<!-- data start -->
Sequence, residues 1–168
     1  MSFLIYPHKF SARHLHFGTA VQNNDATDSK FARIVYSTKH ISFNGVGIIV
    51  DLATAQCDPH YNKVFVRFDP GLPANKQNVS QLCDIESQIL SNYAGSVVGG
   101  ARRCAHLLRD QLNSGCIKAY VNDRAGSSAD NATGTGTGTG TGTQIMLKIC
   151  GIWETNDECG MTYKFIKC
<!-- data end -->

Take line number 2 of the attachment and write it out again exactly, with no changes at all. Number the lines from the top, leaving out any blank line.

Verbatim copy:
     1  MSFLIYPHKF SARHLHFGTA VQNNDATDSK FARIVYSTKH ISFNGVGIIV